A simple google turned up endless blog posts of nostalgia, kids who grew up in the 90s had a special place of the fountain pens, lovingly called the ink pen (ironical, every pen has ink, fountain or not ). I could see bloggers typing on and on about those days when you had to load your fountain pen with ink, the same way today people charge their phones before heading out to school or office. Writing instruments have gone down a one way street, and smart pens and voice-to-text converters are in use today. But I long for the days men were men and carried their own fountain pens proudly in their shirt pockets.

So here is how we progressed in school: from the kindergarten days (LKG,UKG) to about 4th grad (or 4th standard), we Indian students were equipped with the trusty pencil and sharpener (which we used to call the cutter). Then about 5th grade, we were trusted to start using pens. The cheapest pens in the market were the disposable ball-point pens, the most popular I think was the stick-eazy pen, which could be bought for 2 rupees back then.

But schools used to insist that a good student no-only required good grades, but also a good handwriting to go with it. A legible handwriting in the cursive style was the hallmark of the Oxford academia, they used to say.  And the best way one could achieve that was to write using a fountain pen, in plain white 'unruled' notebooks. The challenge was to write on plain paper in straight lines , which none of us could do except some of the girls in class. Most often , our writing would go obliquely across the page which we attempted to compensate in the next line, and fail again. We needed practice. So we were encouraged to buy good ink pens and practise writing with them in plain sheets. This opened up an arsenal of sorts, because unlike ball point pens, which were identical and everyone had the same ones, fountain pens were distinctive and different. You could either buy a cheap unheard of Indian company like Bismi, Camel, Camlin..or you could go all in and buy the coveted Cadillac of fountain pens : Hero, Parker & Sheffer.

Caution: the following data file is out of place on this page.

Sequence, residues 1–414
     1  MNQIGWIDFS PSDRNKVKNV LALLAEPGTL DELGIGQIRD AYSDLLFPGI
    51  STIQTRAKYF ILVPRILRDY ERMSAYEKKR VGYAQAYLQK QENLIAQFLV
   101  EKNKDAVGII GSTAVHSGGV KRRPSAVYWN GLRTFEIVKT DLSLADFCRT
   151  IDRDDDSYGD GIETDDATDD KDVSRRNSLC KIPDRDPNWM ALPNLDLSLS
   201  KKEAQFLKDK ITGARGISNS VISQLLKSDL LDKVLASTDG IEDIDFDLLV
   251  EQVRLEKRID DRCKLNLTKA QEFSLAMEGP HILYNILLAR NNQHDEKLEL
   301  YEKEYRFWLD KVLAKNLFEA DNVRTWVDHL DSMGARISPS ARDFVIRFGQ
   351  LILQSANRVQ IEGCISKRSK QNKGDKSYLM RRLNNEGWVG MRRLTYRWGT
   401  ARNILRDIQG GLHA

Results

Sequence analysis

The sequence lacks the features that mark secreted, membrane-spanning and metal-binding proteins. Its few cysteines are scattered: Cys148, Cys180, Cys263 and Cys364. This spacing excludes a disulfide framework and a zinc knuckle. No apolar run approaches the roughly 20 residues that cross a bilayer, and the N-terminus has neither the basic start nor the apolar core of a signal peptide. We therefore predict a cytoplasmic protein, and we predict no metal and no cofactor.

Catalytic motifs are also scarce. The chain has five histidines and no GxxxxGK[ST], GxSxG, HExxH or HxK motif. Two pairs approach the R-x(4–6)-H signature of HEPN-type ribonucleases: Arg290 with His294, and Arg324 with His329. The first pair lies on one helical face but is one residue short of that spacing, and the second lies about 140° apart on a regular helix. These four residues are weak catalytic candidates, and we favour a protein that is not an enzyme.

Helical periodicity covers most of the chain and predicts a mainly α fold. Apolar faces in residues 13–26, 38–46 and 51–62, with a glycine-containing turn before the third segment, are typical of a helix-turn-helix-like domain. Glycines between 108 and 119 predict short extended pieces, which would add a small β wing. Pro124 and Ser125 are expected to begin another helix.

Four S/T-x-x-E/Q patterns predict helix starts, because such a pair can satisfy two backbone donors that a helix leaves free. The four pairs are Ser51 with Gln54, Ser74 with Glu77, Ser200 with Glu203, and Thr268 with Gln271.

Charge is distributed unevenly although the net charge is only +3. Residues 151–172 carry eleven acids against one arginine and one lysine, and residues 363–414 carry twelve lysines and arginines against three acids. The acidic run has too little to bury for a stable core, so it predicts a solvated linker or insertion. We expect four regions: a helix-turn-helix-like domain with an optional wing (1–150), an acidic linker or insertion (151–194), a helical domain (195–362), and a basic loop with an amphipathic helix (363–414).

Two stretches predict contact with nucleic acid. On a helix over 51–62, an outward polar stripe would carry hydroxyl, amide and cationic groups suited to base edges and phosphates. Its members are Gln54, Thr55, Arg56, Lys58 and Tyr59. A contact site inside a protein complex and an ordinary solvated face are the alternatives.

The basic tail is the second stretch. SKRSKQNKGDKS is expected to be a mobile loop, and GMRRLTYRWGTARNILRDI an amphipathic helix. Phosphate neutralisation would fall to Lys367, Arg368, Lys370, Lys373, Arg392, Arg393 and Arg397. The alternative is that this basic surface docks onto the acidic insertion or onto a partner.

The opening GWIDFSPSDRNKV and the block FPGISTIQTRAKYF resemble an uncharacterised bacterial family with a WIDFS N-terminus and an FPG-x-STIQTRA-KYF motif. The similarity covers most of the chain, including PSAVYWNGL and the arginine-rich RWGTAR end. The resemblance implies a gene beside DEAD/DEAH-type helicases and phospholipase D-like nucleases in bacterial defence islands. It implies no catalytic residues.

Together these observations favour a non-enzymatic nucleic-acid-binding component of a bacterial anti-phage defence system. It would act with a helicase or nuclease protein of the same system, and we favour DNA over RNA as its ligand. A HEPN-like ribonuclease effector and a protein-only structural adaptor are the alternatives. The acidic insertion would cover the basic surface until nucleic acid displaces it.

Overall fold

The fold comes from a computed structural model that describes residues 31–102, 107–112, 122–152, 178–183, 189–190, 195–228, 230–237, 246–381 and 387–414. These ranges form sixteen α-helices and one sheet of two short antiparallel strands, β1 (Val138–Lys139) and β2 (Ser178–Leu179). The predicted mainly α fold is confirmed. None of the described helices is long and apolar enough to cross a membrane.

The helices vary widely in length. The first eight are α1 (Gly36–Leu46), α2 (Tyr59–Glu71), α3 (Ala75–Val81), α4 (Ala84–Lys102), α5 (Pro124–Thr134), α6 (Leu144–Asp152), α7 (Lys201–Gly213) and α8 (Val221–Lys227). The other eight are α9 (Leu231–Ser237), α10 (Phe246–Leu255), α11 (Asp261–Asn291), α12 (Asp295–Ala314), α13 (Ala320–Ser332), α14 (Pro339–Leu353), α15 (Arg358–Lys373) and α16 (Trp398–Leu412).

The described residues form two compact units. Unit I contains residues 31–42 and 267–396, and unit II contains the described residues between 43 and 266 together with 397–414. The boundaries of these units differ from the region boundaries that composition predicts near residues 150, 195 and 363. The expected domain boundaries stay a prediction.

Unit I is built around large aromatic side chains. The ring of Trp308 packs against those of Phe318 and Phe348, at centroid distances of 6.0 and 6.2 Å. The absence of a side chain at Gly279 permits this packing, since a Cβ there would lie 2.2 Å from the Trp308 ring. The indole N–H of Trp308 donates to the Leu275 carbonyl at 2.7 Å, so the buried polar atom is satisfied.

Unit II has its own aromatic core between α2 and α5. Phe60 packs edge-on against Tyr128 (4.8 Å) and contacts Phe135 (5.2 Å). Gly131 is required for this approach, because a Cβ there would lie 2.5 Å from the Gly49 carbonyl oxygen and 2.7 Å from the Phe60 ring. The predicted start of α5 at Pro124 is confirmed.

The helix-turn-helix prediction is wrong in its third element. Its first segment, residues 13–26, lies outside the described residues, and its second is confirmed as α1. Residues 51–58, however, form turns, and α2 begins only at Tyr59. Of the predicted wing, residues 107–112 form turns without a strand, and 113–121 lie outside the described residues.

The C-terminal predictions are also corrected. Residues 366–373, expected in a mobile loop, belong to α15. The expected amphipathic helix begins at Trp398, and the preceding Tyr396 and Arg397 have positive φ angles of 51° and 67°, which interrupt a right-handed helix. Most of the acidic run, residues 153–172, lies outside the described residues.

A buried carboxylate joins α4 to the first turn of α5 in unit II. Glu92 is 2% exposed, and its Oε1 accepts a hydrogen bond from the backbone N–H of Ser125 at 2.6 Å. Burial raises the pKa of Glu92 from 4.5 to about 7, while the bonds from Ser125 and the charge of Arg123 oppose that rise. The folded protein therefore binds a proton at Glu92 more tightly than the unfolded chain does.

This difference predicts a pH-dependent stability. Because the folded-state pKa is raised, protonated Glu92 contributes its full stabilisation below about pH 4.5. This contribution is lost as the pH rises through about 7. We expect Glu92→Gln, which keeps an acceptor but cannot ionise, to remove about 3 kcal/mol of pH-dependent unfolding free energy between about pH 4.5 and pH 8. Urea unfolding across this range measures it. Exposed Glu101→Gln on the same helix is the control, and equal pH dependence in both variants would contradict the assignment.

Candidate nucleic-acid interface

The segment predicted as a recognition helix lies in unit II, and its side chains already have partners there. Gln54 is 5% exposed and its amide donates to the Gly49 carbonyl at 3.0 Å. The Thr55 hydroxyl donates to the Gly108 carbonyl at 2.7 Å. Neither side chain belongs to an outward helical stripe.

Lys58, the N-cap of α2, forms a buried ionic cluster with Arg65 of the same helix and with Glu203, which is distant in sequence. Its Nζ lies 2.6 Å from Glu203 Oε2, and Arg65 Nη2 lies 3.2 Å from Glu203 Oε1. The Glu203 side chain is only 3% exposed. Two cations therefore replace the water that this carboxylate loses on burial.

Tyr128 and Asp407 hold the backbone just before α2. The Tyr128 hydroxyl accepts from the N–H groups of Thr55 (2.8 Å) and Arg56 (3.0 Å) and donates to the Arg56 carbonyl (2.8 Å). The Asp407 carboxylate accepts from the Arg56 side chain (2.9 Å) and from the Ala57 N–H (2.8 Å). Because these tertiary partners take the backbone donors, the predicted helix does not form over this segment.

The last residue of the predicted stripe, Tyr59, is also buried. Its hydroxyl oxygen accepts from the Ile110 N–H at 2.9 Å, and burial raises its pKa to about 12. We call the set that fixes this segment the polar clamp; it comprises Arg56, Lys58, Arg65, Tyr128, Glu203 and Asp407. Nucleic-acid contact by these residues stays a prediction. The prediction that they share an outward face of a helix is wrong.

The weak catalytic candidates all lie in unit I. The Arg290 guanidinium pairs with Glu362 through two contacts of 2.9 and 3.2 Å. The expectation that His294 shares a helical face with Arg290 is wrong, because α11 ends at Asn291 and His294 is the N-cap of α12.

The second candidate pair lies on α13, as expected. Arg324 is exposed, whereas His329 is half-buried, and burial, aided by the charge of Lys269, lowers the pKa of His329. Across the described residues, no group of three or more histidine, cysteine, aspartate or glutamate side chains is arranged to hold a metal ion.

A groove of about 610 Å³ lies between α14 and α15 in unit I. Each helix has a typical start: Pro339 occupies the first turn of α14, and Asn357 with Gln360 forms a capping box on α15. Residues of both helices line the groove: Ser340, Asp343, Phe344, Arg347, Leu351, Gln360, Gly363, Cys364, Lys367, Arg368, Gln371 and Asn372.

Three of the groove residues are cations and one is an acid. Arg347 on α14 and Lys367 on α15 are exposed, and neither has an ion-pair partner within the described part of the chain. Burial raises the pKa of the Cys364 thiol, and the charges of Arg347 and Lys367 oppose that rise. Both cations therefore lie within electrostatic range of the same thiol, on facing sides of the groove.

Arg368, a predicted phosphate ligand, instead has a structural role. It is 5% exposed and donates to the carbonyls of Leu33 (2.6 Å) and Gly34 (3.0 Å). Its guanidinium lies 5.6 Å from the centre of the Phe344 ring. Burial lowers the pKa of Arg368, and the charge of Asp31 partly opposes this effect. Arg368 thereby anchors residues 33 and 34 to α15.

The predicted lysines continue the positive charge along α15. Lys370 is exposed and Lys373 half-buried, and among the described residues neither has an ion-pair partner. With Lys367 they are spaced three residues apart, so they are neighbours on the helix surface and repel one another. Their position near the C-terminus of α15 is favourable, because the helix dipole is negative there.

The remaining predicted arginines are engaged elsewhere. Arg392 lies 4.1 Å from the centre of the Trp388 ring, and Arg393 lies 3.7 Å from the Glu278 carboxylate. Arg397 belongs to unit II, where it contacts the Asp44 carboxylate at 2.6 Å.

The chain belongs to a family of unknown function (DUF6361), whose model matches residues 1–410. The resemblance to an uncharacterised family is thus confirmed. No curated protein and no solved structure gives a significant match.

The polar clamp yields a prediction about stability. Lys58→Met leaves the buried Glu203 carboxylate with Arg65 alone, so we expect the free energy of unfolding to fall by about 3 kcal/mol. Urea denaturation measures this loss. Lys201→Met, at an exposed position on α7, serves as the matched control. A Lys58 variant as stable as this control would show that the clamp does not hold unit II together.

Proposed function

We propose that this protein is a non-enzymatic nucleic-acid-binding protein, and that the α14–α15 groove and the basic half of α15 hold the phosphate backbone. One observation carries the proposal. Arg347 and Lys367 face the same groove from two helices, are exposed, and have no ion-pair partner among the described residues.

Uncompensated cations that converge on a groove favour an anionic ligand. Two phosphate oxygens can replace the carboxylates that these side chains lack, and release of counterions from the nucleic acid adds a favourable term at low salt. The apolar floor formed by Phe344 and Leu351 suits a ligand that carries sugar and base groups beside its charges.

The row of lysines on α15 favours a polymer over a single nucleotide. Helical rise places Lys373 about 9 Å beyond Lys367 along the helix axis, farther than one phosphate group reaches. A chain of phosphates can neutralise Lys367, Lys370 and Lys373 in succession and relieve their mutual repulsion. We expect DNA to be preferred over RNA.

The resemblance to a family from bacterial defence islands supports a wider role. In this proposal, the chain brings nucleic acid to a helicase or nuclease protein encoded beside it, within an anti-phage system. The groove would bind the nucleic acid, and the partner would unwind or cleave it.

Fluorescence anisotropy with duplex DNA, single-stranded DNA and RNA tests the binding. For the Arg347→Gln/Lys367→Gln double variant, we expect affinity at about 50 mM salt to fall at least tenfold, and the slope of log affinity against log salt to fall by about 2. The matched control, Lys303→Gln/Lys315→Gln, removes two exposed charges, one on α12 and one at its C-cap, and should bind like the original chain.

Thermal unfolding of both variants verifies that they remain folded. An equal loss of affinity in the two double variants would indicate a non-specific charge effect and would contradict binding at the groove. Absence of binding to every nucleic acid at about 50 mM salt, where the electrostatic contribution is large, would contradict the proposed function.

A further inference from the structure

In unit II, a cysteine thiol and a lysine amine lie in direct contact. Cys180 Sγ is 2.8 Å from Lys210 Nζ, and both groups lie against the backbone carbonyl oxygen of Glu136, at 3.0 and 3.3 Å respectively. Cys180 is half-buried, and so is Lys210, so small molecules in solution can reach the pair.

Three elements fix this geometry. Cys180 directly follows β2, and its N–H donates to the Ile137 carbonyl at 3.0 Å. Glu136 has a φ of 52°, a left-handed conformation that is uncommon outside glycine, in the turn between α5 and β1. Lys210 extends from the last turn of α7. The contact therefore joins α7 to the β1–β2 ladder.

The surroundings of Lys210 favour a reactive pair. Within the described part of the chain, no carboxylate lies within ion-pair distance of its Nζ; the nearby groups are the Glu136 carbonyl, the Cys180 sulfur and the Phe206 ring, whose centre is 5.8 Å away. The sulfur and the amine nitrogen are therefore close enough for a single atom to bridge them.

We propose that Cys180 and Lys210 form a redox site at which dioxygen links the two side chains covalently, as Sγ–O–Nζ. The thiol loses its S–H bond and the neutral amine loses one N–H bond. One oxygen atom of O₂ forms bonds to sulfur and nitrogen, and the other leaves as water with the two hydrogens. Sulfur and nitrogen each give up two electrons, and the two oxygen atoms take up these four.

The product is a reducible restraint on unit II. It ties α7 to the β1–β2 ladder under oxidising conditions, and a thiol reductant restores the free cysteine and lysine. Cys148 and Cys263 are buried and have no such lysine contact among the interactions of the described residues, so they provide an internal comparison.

The chinese brand Hero was specially coveted, because it was extremely light weight to use and even easier to refill ink, and had  a longer mileage. Plus spare parts were easily available and interchangeable from other pens of the same company, and the nib was , well. smooooth. It gave the smoothest writing on paper, and the ink dried instantly without smudges. It was very common for us students to carry our pens in the shirt pockets of our white uniforms, but we would also forget to remove it when we ran for the bus, causing the ink to spill onto our shirts. Apart from the regular stuff taught in school, we also learned Pen-engineering, removing and changing of the nibs, bending and forking the nibs to "correct" the ink flow, and experimenting with different brands of inks. Often our inks would run out during our class, so we would switch to the reserve ballpoint pen, and even un-luckier ones would find the ink in the ballpens have dried up. Then we would start borrowing inks from neighbours, by transferring ink from theirs to our pens ! We would carry a piece of cotton for these emergencies in our pencil boxes, yes they were still called pencil boxes, even when they did not have any pencils, and a small piece of chalk, which instantly absorbed any ink spilled in the box or on our clothes. The Parker fountain pens had a beauty of their own, small, simple design, and just heavy enough to stand out, but ink flow was heavier, and would smudge our writing in the cheap school provided answer sheets. And the ink would run out an hour after lunch break. The Hero pens on the other hand, with their friction caps and hooded nibs were better engineered (we thought) and wrote longer, in sleek lines.